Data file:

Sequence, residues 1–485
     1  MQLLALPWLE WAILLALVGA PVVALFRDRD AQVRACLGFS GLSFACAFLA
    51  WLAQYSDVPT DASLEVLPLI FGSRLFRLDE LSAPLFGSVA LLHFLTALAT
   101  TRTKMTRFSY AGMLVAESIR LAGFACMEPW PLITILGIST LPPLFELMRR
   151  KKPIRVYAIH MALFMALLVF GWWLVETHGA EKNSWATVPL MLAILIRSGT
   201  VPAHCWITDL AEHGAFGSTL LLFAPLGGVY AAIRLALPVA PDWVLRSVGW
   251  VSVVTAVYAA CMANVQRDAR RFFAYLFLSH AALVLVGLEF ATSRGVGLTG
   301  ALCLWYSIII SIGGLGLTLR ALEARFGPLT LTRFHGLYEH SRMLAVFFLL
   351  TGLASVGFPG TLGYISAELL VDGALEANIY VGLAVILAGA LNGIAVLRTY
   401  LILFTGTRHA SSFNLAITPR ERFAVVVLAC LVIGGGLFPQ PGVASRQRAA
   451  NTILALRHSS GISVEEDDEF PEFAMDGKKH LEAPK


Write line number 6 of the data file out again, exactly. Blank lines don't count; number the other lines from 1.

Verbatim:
   201  VPAHCWITDL AEHGAFGSTL LLFAPLGGVY AAIRLALPVA PDWVLRSVGW